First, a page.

Tuesday, May 27, 2008

Hair gods

I am always invoking the elusive, nameless, and faceless hair gods in many of my posts at naturallycurly.com. Well, one member -- Riot Crrl -- whipped up this little interpretation of what a hair god(dess) might look like. I love it! (Plus, I use all the products she's holding!) You can click on the image to see it even bigger....

Sunday, May 25, 2008

Water-soluble silicones

Although silicones with PEG in front of them are supposed to be water-soluble, I have not really trusted this promise because my experience with DevaCurl OneCondition seemed to leave me with some buildup. So, I've been avoiding all 'cones, including the ones with PEG before them.

But today, someone posted at naturallycurly.com that there is a difference in solubility among the PEG 'cones. Here is what the poster (who claims to have majored in chemistry in college) said:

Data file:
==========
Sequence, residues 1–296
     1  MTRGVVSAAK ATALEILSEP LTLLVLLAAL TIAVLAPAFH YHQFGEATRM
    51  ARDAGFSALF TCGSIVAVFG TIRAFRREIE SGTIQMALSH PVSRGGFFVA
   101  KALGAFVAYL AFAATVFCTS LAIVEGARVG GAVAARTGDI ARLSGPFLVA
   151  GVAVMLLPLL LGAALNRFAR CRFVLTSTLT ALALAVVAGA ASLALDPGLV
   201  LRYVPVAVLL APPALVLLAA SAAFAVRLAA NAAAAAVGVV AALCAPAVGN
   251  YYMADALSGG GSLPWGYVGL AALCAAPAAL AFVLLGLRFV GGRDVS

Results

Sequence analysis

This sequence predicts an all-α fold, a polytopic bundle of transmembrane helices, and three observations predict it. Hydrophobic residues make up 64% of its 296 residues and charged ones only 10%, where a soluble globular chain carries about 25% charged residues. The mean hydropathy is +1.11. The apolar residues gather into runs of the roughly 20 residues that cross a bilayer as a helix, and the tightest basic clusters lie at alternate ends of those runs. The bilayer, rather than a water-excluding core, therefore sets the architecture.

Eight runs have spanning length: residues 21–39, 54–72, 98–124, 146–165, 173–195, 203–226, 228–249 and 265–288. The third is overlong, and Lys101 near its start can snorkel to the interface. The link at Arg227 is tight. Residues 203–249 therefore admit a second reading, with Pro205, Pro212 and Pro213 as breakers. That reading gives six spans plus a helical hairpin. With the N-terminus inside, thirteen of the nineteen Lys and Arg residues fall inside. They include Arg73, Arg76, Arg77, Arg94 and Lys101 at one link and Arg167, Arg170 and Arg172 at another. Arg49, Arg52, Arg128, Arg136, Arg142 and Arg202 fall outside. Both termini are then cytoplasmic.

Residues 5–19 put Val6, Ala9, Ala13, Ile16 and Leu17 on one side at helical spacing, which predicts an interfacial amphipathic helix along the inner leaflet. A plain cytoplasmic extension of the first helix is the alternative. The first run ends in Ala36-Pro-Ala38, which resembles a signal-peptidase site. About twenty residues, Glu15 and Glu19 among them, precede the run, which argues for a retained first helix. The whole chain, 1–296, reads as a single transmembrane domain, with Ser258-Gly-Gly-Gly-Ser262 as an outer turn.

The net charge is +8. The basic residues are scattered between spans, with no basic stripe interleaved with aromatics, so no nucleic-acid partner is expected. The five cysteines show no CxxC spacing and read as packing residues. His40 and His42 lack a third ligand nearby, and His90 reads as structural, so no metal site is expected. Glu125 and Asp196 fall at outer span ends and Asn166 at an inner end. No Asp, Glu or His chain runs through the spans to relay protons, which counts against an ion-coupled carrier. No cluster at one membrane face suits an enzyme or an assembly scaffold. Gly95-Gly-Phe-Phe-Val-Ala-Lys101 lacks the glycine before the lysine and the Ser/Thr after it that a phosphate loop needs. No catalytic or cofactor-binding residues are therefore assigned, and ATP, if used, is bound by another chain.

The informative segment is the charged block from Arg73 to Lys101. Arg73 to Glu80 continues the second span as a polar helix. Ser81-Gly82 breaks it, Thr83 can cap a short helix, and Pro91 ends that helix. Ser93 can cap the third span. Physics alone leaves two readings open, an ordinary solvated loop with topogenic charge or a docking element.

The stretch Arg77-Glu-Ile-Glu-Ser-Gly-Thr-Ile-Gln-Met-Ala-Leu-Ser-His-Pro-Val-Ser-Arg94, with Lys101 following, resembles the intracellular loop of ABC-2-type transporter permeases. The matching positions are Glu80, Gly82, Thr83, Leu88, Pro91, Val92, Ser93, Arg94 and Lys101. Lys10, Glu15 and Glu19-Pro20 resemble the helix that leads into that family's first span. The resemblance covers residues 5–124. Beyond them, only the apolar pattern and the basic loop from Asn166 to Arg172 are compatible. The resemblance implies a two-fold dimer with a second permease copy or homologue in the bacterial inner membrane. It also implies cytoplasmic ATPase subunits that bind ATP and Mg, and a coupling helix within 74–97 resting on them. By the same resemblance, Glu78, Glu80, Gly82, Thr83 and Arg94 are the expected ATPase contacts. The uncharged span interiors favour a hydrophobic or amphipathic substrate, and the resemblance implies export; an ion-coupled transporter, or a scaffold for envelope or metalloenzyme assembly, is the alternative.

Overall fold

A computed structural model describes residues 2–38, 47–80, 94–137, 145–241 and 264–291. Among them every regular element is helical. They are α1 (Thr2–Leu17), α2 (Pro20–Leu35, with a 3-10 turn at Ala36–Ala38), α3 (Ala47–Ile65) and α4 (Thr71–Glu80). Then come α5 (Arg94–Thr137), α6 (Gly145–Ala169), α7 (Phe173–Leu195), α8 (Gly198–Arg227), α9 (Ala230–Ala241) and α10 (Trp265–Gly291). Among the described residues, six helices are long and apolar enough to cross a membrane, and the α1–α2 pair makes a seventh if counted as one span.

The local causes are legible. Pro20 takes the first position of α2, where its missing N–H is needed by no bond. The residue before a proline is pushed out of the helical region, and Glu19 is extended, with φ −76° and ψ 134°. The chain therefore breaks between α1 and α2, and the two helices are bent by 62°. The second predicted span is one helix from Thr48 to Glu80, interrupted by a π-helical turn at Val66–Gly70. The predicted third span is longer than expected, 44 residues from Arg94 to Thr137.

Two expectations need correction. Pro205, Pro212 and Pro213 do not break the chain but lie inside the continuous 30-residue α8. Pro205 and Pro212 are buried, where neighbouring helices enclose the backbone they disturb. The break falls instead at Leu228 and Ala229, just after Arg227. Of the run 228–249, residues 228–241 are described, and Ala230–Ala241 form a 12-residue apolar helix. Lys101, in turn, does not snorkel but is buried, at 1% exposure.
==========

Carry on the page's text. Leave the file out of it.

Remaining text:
As far as pegylated dimethicone - yes, some of them are water soluble. Anything with less than 4 is not at all. Anything 4-6 is very slightly water soluble. Anything 6-8 is moderately water soluble. 8-10 have good (but not great) solubility in water. 10+ are completely water soluble. the "PEG" part is polyethylene glycol - a very water-soluble side chain. The longer the side chain, the more willing these 'cones are to "work" with water. It's my understanding that things with fewer than 10 are prone to buildup without sulfates.

So, this gives me a little more confidence to at least look for higher numbers when considering a product with a PEG 'cone. Good info!

Thursday, May 8, 2008

Ingredient tidbit

Today I asked the Naturally Curly forum about Enjoy hair gel. As usual, I got some excellent information so I thought I'd share it here.

The ingredients are:
Water (Aqua). PVP, Triethanolamine, Carbomer, Oleth-20, Phenoxyethanol, Sodium Hydroxymethlgylcinate, Fragrance, Disodium EDTA, Benzophenone-4

According to laurabeth33 -- who tests products -- she says: "gels with triethanolamine (a pH alkalyne adjuster) as one of the first few ingredients can make hair more dry so a more acid leave-in underneath may encourage better (less drying) results."

I have asked her for examples of "acidic" leave-ins so I'll post that here when she responds.